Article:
04 Jun Determination of fair rent
Determination of fair rent
by George Coucounis
THE determination of the fair rent by the Court regarding houses and shops situated in a Rent Control area is regulated by article 8 of the Rent Control Law, which provides that no increase can be imposed upon a statutory tenant, unless as provided in the Law. It is lawful for the statutory tenant or the landlord to apply to the Court for the assessment of the fair rent payable for the rented property, if they consider that the amount of the rent payable is not fair. However, there is a reservation that no application can be submitted to the Court before the lapse of two years from the date the tenant received possession of the premises or from the last increase or reduction of the rent. It is also lawful for the tenant and the landlord to enter into negotiations and agree in writing any other increase of the rent, provided the increase will not be higher than the rate stated in the law from time to time and that no increase will be applied before the lapse of two years from the date the property was rented or the rent was last increased. The law in article 8(4)(a) provides that the maximum increase rate cannot be higher than the one defined every two years through an order by the Council of Ministers after a recommendation by the Minister of Justice and Public Order, which was originally 14% and it was gradually reduced to 8% and then to 0% from 22.4.2013 until 21.4.2023.
However, there is a reservation in the law, which is not affected by the decrease of the rate of the increase and provides that the fair rent can be determined based on 90% of the average rents of the proximity area to the rented premises. Therefore, if the rent payable is lower than 90% of the amount of the average rents, it can be increased and determined on this basis, unless the tenant is a refugee or a sufferer; in such a case, the rate cannot be higher than 80%. For the determination of the fair rent, there is a need for the preparation of a valuation by an expert valuer or by a valuer appointed by the Court giving him relevant instructions, taking into account the market rent and the average rents of the proximity area, as well as all the circumstances, other than the personal ones, such as the age, the character, the size, the location, the condition of the premises and where the building is listed whether the landlord executed any works, the costs and services provided.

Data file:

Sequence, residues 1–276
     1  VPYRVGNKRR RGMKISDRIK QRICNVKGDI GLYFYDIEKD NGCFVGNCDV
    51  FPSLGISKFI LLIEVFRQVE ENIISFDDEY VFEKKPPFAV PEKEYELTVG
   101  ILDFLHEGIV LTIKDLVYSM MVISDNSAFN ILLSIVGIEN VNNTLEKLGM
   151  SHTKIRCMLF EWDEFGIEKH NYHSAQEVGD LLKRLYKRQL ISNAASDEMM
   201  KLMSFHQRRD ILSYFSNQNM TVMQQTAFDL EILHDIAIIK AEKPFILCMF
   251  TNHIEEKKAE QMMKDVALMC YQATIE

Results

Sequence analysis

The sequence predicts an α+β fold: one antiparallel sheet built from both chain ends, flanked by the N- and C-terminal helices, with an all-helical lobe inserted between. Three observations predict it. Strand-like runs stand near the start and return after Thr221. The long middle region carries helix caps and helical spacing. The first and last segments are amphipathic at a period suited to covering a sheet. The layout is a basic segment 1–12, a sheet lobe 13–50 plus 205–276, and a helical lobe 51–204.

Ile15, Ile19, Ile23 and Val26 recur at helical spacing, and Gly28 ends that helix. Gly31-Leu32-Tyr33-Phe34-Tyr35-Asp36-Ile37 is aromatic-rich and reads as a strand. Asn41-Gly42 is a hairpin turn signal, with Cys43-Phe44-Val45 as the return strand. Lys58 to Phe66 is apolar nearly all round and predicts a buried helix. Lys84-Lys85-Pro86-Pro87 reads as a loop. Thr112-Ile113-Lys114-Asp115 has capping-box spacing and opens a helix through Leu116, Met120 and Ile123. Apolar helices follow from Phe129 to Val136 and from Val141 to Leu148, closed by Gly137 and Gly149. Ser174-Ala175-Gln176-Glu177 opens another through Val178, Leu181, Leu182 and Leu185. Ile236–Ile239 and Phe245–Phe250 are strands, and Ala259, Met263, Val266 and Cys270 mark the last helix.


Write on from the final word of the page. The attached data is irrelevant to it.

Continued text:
The legal framework and generally the procedure for the determination of the fair rent was examined by the Rent Control Court in a judgment issued on 20.1.2021 in an application by a tenant for the reduction of the rent. As stated in the judgment, the procedure before the Court includes the conduct of a search, either by the Court on its own motion or after an application by a litigant, through the officers – valuers of the Land Registry, whose appointment is approved by the Supreme Court and provided they have the relevant qualifications as experts in the field of valuations of land and rents. The valuers, following the instructions of the Court, carry out a search and prepare a written valuation which they submit to the Court and copies are given to the litigants. The Court may, in exceptional cases, order the preparation of further valuations. After giving the right to the litigants, landlord and tenant, to be heard and considering the restrictions and the circumstances of the particular case, the Court determines the fair rent as from the date of the filing of the application under examination.
The Court added that in cases of re-assessment of the fair rent, the important primary actors are the expert valuers; the evaluation of their testimony leads the Court to its findings. The testimony of the litigants themselves is of secondary importance, since their subjective perception regarding the reasonable and fair rent is of little value. In the particular case, the Court held that the premises in question did not fall under the meaning of the term “immovable property” as interpreted in the authority of Fysentzides and consequently it was not statutory under the Rent Control Law. The Court had no jurisdiction to try the case and therefore, it dismissed the application, which was also found to be premature, since it was filed before the lapse of 2 years from the last increase of the rent.